It definitely didn’t use to be a joke. From the 1960s to the nineties Bondi was a powerhouse in Australian surfing, boasting the likes of four-time world title runner-up, Cheyne Horan, World Tour powerhouses, Richard Cram and Bill Power, and highlyrated pros such as the Corrigan brothers, Webber brothers, and Matt Elks, among others.
In recent years, gentrification forced much of the working class and lower income residents out of the area, creating a vacuum of world class sporting talent in the process. But the tide has changed in the last few years, beginning with Bondi’s third place finish (behind Avoca Boardriders, Snapper and in front of
Narrabeen) in the nationwide Battle of the Boardriders contest. An event where team captain, Perth Standlick, beat the likes of Joel Parkinson, Steph Gilmore, Matt Wilkinson, Davey Cathels and Mikey and Tyler Wright to claim the Most Valuable Player (MVP) award. Grayson attributes much of his success to Perth’s influence.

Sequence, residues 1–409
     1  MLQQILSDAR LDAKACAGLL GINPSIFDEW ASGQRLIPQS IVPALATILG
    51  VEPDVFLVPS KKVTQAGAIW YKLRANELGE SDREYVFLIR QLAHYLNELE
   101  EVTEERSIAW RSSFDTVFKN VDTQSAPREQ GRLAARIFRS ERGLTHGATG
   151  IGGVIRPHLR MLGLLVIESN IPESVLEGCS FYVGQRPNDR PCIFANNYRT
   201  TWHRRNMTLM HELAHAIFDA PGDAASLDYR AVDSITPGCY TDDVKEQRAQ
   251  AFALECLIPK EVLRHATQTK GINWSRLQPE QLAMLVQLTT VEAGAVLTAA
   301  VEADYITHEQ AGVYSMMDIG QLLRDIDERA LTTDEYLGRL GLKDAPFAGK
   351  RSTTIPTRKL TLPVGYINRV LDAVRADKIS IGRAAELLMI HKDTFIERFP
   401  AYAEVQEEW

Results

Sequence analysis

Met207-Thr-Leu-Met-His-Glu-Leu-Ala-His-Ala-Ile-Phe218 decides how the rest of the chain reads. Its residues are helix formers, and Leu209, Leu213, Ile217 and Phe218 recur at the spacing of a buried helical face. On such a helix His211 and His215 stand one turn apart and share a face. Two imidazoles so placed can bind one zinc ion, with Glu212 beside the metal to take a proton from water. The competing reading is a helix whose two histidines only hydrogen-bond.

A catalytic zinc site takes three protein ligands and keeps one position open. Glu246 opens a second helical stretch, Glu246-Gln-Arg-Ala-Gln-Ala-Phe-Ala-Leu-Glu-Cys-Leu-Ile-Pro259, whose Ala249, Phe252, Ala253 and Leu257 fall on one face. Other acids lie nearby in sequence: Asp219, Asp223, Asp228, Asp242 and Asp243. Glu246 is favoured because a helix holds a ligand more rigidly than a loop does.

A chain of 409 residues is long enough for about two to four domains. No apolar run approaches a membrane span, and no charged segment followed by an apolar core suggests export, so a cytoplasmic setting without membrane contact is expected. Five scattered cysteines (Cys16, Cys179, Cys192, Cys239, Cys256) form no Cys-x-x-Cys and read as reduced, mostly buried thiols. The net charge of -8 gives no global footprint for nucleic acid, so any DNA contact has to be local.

“He takes me places and helps me experience new waves around home and really pushes me. Fun, little rivalry in (board riders) heats too,” he says .
When the waves turn marginal in the summer and the beach descends into chaos, Grayson disappears under water. Having grown up next-door to Australian Spearfishing Champion, Ian Puckeridge, Grayson is among the best spearfishermen in the country and the current NSW U/16 State Spearfishing Champion. You might also recall having seen splashed across hundreds of websites and newspapers around the world when he became a viral internet sensation for dragging home a Kingfish he’d speared, on the back of his skateboard.